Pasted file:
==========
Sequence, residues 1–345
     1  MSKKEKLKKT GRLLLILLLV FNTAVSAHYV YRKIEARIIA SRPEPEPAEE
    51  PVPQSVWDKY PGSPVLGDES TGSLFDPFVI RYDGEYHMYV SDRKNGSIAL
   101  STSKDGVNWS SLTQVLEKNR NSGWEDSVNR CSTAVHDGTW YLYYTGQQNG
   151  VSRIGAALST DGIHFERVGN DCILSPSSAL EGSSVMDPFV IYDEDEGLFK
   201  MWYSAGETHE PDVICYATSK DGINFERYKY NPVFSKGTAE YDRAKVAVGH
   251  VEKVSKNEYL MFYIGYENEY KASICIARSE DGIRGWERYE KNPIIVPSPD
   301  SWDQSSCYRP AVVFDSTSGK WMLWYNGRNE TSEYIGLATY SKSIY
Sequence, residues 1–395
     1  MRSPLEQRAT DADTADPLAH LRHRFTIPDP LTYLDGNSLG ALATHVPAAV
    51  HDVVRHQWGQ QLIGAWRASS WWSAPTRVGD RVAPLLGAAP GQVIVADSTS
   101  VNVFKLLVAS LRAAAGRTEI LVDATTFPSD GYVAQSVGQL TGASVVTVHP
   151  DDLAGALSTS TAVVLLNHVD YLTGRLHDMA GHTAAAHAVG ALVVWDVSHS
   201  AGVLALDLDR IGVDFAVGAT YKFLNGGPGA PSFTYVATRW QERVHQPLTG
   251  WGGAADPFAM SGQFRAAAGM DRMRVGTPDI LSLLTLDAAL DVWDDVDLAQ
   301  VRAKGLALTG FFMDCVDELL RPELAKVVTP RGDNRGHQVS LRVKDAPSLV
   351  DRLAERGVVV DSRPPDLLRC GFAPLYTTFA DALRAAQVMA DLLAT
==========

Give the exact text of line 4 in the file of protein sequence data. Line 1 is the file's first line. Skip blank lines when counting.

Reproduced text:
   101  STSKDGVNWS SLTQVLEKNR NSGWEDSVNR CSTAVHDGTW YLYYTGQQNG